This is especially true in my abstract paintings. You asked about the poetry of the objects in my work and I think of it more as a visual poetry when I am painting the abstract works. Trying to describe how I feel when I paint triangles dancing across a page and watching them interacting with the space on paper, that is hard for me to put into words!

Just as feelings are complicated and in multitudes of layers, my paintings sometimes have a lot of layers of different feelings or perspectives that I have a hard time finding the words to describe. For me, I think visual imagery is a more interesting and powerful way to tell a story or communicate a thought.

You posted that your UncommonGoods paintings “took you out of your comfort zone to paint work that’s more involved, and in the end, more beautiful.” Can you tell us a little more about this?

I loved creating this collection of paintings for UncommonGoods! At the time, I was painting a lot of abstract pieces and while they are visually interesting and complex, I had not made many paintings with landscapes. So with this collection, I was exploring landscapes that inspired me for the first time. It was a great way to expand my horizon a little bit and paint a different subject matter!

I would say that the layers of painting and time involved made it more extensive for me. Rather than creating a painting in one sitting, which is the case with most of my other works, I spent much more time to create the layers of images. The leaves painting, for example, took the most amount of time because first resist was laid down to preserve the color of the grass and then different layers of colors are laid down on top to create the colors in the field and the sky. It also took a few tries to capture the movement of the grass!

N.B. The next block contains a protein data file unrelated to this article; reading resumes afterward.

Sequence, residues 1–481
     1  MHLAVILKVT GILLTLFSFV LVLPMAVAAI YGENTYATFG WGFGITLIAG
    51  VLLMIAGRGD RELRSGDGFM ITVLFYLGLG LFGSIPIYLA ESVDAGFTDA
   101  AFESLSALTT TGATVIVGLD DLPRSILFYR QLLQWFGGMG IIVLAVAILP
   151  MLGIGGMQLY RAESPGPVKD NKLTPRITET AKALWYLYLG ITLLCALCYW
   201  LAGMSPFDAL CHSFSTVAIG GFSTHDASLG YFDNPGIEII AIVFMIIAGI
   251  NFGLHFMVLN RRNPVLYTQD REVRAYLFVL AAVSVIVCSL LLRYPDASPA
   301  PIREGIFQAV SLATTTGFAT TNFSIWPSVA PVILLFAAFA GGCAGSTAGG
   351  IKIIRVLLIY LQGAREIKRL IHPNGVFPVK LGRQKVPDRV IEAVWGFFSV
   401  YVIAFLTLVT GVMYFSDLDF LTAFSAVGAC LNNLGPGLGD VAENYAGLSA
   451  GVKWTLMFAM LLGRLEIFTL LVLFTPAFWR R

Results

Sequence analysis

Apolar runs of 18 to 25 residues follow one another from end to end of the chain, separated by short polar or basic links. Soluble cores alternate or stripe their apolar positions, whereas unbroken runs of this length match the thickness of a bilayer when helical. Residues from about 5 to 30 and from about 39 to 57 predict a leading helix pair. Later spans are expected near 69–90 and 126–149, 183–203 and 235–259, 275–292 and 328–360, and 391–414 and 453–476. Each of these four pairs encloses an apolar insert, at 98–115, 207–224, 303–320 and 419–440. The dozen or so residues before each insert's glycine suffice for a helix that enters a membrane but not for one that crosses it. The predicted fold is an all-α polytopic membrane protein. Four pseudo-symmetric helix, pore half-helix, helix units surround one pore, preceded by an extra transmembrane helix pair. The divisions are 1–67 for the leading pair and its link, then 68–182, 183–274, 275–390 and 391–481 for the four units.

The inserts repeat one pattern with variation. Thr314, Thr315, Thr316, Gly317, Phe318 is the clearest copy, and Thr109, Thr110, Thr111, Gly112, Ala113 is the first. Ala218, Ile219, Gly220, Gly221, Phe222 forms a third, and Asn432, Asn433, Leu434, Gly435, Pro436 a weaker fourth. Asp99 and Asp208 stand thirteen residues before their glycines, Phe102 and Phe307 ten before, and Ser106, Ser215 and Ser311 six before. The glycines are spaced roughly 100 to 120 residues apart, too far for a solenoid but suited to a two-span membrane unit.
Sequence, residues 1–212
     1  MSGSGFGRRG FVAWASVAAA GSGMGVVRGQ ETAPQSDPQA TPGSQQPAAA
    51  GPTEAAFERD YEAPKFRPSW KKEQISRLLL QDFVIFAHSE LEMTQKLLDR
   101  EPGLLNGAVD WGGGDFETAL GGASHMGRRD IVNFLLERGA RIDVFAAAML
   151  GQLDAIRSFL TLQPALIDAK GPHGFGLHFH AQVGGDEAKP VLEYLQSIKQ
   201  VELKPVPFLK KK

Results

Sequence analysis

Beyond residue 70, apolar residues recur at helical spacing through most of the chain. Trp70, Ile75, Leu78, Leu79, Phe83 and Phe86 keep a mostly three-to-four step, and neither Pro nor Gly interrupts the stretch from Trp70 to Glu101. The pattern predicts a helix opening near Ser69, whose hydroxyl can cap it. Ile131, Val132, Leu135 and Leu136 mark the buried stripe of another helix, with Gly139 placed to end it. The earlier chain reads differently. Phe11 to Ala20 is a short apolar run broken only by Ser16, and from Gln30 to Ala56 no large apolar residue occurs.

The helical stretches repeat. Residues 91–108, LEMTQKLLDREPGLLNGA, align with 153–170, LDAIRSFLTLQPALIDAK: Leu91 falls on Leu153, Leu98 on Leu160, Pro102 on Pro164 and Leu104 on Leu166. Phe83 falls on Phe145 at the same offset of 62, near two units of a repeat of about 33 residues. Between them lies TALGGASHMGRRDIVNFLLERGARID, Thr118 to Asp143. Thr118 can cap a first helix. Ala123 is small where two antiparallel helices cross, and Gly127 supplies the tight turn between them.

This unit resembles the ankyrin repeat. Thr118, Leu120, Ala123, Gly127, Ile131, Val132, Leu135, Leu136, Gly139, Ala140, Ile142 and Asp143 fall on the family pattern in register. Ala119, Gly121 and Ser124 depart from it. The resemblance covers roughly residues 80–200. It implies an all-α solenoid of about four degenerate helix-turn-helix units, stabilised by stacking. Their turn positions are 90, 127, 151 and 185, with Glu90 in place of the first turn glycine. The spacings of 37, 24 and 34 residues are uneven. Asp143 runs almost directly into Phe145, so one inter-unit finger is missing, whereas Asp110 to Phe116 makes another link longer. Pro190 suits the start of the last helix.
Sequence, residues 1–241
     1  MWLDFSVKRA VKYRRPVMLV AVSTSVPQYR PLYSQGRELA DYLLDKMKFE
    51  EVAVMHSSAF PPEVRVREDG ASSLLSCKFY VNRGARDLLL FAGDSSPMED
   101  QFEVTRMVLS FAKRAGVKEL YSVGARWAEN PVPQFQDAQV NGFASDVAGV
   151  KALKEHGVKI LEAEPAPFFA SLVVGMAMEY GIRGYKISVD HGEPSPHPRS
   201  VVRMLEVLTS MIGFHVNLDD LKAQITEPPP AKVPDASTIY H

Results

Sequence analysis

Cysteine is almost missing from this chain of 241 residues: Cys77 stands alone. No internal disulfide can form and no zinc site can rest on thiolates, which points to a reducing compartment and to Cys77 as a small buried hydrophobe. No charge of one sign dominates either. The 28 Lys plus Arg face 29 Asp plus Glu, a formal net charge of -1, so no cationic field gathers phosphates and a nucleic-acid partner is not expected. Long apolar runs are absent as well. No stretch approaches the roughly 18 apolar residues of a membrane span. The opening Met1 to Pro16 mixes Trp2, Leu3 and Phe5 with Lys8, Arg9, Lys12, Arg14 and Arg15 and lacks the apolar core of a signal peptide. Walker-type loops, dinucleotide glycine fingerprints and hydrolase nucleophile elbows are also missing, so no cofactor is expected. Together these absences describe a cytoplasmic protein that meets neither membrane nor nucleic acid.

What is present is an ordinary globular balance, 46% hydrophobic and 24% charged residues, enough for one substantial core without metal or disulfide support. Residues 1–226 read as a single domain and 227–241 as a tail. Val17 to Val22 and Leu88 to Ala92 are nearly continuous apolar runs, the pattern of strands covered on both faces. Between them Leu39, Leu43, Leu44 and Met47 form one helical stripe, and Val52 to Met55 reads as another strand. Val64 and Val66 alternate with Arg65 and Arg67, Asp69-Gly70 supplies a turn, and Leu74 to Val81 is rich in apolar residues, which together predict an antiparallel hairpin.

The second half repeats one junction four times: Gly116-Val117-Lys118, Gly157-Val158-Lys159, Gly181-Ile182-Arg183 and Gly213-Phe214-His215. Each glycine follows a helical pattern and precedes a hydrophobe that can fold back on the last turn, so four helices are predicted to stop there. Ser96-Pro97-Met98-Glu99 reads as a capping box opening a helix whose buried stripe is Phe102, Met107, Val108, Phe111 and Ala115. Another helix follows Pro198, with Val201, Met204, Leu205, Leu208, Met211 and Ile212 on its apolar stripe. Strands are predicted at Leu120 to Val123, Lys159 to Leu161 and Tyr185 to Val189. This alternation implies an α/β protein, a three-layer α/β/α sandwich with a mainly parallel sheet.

Do you have any big ideas for future work that you’d like to share? And/or words of inspiration?

My fiancé teases me all the time by telling me there is not enough time in the world to do everything I want! Right now, I am working on expanding my design services to wedding invitations as I have found it is the perfect culmination for my floral paintings, patterns, and graphic design to exist all at once. My fondness for calligraphy is also a great hobby of mine, so I am excited to explore more in that realm!

I am also working on expanding my art prints with some silkscreened pieces to bring in a different texture and size to my work. When I used to feel uninspired or out of ideas, I would just get frustrated and go do something else. But now I have found that inspiration is endless! There are so many ideas and beautiful things and colors in the world, I just have to open my eyes a little wider and pay more attention!

Written by Marisa

Marisa is a contributor to The Goods. She learned what a Gleditsia triacanthos is while she was an urban lumberjill. Her most-wanted uncommon good is the the Kitchen Composter.